Archives for posts with tag: Social Robots


As our rate of multitasking increases, we may as well embrace the age of interactive robots in our home. Crowd-funded JIBO by Cynthia Breazeal is a personal robot with a variety of functions. According to the website, JIBO can see, hear, learn, help, speak and relate. It is a personalized robot that can take orders, tell interactive stories, make video calls, and sense social and emotional cues to respond appropriately to its user. As you walk around a room, it has enabled face recognition and responds to you appropriately. While we have seen components of these in other devices, JIBO is more of a polished home companion that can interact both with other devices and humans.

Available at the end of 2015, can be pre-ordered for $499.

See the promotional video below:


The factors involved in developmental disorders such as autism are complicated and numerous. Some of the known and common characteristics that children have are decreased eye contact, delayed social and communicative skills and possible altered sensory response.

People, including children, can be unpredictable and impatient. This patience can be especially limited for those with delays in speech, communication, and interaction. Social interaction, like everything else, takes practice, and this is a great, simple device which allows the facilitation of those social skills which a child may be lacking.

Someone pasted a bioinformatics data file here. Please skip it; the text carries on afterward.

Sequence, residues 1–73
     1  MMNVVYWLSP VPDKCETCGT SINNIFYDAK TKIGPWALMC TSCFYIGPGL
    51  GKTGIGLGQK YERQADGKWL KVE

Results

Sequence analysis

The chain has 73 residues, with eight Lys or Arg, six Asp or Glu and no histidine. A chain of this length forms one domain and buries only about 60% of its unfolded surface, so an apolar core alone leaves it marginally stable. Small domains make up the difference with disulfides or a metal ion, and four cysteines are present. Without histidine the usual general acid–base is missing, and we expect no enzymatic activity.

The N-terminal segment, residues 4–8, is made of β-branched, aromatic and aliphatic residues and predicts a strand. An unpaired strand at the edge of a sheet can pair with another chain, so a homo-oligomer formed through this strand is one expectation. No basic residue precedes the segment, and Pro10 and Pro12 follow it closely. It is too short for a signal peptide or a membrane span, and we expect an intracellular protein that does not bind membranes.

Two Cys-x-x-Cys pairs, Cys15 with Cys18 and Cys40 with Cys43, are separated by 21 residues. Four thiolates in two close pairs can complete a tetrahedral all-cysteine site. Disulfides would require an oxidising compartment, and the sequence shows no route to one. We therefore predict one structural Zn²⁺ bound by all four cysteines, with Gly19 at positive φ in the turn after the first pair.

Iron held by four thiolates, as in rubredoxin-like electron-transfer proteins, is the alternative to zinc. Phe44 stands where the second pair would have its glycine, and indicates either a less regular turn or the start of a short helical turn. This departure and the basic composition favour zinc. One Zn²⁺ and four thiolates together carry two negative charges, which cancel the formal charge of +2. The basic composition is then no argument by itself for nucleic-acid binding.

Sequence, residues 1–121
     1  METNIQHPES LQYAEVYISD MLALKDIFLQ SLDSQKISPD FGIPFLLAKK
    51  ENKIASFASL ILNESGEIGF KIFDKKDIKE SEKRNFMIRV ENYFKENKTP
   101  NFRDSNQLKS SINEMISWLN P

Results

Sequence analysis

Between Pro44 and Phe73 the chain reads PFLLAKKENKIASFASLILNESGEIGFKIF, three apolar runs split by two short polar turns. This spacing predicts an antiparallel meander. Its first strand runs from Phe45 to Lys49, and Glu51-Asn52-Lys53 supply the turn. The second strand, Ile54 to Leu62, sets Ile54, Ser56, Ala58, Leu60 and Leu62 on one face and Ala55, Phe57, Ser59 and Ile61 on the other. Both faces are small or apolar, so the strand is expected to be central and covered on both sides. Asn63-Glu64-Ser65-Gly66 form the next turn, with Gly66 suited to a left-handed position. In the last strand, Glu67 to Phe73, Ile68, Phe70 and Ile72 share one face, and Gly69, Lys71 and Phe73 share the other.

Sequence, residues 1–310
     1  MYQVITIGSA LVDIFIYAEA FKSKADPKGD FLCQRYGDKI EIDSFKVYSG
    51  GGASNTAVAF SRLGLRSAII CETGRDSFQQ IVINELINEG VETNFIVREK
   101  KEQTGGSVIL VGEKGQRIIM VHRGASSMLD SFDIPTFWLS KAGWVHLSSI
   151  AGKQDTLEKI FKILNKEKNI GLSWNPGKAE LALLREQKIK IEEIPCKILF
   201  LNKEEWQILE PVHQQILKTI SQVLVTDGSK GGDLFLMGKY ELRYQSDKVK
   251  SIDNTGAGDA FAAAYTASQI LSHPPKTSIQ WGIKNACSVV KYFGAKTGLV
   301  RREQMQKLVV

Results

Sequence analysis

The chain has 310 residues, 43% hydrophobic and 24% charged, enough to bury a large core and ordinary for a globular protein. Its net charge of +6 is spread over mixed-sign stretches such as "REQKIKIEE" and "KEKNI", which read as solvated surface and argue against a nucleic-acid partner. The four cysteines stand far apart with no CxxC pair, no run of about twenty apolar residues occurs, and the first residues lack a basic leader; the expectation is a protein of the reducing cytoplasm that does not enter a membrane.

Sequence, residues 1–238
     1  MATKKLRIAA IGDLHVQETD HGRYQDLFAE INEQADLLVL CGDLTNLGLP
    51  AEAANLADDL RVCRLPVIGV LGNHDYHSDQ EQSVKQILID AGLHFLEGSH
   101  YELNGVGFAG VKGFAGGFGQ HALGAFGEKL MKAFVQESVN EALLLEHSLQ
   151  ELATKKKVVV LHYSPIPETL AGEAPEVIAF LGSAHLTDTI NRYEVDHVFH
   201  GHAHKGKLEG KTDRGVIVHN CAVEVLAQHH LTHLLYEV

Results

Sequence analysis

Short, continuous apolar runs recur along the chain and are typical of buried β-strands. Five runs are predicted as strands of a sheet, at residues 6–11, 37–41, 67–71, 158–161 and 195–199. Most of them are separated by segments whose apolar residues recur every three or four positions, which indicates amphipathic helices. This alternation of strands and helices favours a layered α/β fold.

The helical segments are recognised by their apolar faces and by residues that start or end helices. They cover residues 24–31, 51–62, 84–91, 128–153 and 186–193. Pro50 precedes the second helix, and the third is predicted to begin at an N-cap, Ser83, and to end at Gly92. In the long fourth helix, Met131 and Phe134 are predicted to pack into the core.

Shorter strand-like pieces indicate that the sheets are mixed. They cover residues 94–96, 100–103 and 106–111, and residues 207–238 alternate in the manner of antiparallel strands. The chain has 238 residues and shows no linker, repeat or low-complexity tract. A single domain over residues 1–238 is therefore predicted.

The Keepon Pro is a simply designed robot that hides its more complex function. It is an interactive robot which can maintain eye contact, convey attention by turning and nodding, and express emotion by rocking side to side and bouncing up and down. This allows children with developmental disorders to, among other things, practice social interaction in a safe and predictable environment. Having handled one of these, I can say that it is a small simple device that reacts to the amount of pressure that you press it with, so there is definitely a feedback component.

At least one study  has shown that Keepon encourages children to be socially interactive and share their emotion and attention with others.

Full-size image (32 K)

Kozima H, Nakagawa C, Yasuda Y. Child-robot interaction: a pilot study in autism therapy. Progress in Brain Research. 2007; pp385-400.

I was told they were on sale for about $30-40 but sold out, so I am not sure of where they are for sale now and was not able to find the information on their site. You are able to download a 2D version on your iOS device.